An endangered society is one whose members can no longer change the stories they tell themselves. The dangerous story line for many in sub-Saharan Africa is dominated by AIDS. Although many organizations are now arrayed to fight this scourge, the success or failure of global efforts to combat HIV/AIDS depends ultimately on people's willingness and ability to behave in certain new ways - to, in effect, change their stories. This paper describes some of the unique features of a narrative intervention strategy called MARCH: Modeling and Reinforcement to Combat HIV/AIDS. In support of the U.S. government's goal to help prevent and mitigate the impact of HIV/AIDS globally, the U.S. Centers for Disease Control and Prevention (CDC) is collaborating with local partners on the design, implementation, and evaluation of MARCH projects in several African countries.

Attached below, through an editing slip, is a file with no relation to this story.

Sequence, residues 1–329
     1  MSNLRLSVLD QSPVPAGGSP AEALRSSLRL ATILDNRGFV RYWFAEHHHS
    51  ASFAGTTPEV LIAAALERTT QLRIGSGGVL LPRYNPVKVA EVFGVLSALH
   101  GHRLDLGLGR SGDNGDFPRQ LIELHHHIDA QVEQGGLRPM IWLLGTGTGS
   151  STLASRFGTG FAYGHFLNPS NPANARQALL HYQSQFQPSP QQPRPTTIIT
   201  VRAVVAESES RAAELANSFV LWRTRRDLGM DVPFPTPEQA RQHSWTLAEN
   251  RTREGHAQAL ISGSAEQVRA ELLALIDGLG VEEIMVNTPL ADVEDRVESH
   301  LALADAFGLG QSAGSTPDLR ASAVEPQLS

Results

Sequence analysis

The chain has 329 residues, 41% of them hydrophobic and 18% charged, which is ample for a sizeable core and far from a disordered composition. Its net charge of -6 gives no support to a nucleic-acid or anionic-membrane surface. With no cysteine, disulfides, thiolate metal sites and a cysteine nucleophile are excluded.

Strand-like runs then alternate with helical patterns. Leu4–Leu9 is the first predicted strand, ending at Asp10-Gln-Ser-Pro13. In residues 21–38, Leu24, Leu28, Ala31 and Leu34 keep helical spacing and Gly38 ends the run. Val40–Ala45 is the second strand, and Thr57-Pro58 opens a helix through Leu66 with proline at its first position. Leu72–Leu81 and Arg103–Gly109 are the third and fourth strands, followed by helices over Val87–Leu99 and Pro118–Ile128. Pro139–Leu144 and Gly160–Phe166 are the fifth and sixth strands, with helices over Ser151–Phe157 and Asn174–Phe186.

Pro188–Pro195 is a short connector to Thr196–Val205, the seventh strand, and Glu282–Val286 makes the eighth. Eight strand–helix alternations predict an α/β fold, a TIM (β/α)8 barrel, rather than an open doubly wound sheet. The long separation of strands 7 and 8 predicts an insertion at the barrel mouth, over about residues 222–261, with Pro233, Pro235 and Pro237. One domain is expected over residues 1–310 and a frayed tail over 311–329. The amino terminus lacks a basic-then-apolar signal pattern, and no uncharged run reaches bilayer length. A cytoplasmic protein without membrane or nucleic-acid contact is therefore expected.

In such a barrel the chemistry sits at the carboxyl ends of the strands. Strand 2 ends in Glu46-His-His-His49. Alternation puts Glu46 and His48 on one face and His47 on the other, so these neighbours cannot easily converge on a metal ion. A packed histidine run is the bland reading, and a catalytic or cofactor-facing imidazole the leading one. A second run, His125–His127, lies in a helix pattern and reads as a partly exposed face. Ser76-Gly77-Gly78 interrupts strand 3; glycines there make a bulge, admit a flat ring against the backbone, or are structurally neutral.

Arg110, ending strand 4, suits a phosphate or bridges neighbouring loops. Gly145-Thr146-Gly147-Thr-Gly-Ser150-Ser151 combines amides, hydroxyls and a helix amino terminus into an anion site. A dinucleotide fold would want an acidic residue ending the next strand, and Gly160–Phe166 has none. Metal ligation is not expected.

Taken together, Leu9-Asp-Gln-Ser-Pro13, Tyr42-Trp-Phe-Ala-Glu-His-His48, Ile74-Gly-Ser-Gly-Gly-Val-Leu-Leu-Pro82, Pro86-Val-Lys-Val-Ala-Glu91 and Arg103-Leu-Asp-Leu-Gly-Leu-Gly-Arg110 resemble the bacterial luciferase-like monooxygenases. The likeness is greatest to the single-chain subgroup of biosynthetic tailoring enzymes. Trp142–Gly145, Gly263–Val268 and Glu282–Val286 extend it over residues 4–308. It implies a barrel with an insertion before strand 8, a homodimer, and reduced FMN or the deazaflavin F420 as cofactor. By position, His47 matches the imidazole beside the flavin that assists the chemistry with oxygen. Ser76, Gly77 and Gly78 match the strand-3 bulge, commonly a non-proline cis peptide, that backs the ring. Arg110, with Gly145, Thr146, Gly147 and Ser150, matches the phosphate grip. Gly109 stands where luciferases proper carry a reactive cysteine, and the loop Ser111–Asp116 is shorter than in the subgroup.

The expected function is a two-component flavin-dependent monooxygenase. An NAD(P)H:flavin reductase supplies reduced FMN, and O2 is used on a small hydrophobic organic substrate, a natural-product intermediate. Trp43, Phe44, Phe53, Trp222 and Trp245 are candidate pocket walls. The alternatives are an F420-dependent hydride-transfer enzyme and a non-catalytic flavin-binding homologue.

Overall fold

Galavotti, Christine; Petraglia, Joseph; Harford, Nicola; Kraft, Joan Marie; Pappas-DeLuca, Katina A.; and Kuhlmann, Anne Serbert
"New Narratives for Africa: Using Stories to Fight HIV/AIDS,"
Storytelling, Self, Society: Vol. 1:
2, Article 3.
Available at: https://digitalcommons.wayne.edu/storytelling/vol1/iss2/3